Games to Prevent Overeating

1827

A strong desire to eat or drink something caloric despite the feeling of satiety is a nutritional violation faced by many people. Experts from Europe and Australia told us about ways to cope with it.

700-coffee-diet-breakfast-eat-food-nutrition-healthy-sandwich-

Several studies carried out in different parts of the world have dealt with the same problem – excessive snacking. What to do if you have recently eaten, but you are tempted by high-calorie sweets or snacks that are at hand?

Seeking an answer to this question, Plymouth University staff in the UK concluded that cravings for unhealthy snacking are cured by games like Tetris, Sudoku or naval combat. According to their research, just a three-minute game like Tetris reduces the craving for food, caffeine, and nicotine by 24%.

Dr. Jackie Andrade, the study’s co-author, says that most desires are stimulated by imagination, and a foretaste of what you feel when your food gets into your mouth. For example, if you want spicy chicken wings, you can imagine that they are fatty, salty, and delicious. However, a game subdues the resources of your brain, and you are distracted from your anticipation.

In turn, the researchers from Flinders University in Australia found out that the desire to eat something harmful is suppressed by soft sweet floral scents. This is because flavors “saturate” sensual needs, and a person has a lesser need to satisfy them with food.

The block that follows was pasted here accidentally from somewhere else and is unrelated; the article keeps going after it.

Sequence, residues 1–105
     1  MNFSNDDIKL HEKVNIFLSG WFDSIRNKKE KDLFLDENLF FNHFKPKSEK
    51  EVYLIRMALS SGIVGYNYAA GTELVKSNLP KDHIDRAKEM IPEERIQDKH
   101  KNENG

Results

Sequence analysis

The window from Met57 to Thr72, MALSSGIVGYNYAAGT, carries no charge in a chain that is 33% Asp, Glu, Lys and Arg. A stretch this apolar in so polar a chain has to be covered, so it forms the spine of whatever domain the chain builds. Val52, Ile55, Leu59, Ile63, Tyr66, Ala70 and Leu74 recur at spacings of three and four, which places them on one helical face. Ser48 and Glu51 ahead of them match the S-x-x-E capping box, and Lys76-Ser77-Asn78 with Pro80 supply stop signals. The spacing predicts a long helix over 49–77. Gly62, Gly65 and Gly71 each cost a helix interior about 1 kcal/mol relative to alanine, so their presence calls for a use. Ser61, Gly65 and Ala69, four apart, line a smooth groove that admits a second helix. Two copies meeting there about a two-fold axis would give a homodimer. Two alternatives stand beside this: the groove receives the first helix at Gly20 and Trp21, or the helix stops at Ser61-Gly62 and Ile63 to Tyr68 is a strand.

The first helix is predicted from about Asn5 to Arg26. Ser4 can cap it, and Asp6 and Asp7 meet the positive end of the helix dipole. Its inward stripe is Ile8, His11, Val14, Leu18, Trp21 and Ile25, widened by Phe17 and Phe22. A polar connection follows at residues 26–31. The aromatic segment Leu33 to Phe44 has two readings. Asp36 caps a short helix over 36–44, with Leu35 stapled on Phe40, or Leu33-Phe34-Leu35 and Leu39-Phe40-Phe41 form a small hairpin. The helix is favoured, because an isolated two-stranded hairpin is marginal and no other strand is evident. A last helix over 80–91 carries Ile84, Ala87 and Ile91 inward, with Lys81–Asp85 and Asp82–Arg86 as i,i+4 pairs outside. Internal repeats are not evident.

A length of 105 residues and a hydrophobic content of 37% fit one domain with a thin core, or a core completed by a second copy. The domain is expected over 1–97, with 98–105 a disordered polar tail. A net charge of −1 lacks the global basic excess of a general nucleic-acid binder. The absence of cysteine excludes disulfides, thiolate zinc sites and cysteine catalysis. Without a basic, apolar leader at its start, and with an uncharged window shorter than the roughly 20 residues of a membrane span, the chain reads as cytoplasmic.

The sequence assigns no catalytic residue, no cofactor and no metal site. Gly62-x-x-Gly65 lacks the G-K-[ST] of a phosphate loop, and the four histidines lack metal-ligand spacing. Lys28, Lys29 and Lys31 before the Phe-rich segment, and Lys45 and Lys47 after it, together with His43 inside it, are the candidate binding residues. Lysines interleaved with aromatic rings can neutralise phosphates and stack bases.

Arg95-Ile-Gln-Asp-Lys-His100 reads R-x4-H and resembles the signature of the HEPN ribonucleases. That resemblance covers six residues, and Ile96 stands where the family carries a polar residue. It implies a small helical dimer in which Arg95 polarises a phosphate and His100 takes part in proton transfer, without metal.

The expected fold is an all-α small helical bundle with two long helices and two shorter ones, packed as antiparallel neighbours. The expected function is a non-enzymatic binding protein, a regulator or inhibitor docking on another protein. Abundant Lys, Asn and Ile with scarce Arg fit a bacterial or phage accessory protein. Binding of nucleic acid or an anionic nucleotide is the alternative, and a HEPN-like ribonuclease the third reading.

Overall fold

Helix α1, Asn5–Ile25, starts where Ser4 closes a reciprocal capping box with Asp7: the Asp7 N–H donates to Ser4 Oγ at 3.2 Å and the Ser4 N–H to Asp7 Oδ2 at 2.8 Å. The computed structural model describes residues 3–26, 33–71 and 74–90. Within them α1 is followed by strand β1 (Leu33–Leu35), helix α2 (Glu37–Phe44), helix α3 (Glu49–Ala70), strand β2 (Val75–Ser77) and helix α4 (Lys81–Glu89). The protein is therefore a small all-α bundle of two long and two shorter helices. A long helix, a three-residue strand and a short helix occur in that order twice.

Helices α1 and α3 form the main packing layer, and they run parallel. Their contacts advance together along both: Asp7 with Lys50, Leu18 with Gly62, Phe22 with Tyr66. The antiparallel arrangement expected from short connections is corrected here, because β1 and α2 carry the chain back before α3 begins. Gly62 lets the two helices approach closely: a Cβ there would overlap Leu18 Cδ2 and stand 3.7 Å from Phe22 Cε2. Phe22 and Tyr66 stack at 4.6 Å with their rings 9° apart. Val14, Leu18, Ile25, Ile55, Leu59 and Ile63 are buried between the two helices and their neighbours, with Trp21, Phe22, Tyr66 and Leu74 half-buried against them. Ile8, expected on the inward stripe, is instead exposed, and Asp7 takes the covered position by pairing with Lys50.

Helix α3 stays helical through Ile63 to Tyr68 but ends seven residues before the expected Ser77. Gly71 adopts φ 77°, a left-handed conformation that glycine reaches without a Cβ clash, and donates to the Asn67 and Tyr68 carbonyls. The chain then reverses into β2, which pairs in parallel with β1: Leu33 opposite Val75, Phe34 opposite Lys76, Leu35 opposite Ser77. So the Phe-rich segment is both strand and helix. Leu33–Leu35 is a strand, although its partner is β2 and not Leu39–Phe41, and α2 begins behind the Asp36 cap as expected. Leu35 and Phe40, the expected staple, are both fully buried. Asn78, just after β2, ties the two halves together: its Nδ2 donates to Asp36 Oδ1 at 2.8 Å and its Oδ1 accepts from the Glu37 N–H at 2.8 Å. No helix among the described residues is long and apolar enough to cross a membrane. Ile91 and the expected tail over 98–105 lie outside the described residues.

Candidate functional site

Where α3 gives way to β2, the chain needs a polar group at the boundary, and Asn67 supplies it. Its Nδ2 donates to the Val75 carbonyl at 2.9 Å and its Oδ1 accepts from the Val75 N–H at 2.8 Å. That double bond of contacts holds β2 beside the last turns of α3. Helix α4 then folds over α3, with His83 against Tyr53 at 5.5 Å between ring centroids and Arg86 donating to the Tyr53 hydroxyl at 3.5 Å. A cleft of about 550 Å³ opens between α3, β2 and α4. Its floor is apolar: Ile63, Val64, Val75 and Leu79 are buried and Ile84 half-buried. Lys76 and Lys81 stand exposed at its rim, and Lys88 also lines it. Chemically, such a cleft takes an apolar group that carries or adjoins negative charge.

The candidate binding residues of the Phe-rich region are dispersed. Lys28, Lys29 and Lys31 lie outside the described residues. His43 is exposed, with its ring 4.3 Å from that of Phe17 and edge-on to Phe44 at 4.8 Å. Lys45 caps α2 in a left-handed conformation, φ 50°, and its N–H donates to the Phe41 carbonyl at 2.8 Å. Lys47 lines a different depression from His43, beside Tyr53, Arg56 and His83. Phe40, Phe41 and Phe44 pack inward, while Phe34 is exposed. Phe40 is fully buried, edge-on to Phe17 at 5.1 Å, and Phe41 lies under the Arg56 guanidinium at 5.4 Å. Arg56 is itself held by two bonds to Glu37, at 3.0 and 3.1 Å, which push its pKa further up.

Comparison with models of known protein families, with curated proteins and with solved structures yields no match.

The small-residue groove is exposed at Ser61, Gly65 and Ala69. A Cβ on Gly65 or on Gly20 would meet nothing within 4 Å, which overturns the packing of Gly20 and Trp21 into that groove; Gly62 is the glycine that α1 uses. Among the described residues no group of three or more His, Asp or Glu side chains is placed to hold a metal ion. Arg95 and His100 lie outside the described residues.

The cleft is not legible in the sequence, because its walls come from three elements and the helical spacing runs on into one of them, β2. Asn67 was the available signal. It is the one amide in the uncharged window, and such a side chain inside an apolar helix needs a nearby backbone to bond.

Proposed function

The smell of jasmine is particularly effective. The fragrance of jasmine flowers and its oil used in the experiment reduced the craving for sweets 13 % more effectively than the smell of green apple. However, doctors emphasize that in order for the smell to be effective, it should be very light, although palpable.

Swiss scientists have proved that good mood is very important to maintain a healthy diet. So, feeling a craving for sweet or fatty, fight it through positive emotions – read stories, watch a funny movie, talk to a friend on the phone, etc.

It has been established in a series of experiments that people in a good mood are more inclined to eat healthy foods. The participants in an optimistic mood chose healthy foods in 77 cases out of 100.

Experts explain this effect so: when we are in a good mood, we tend to pre-evaluate our actions and have enough emotional resource not to allow ourselves to eat junk food.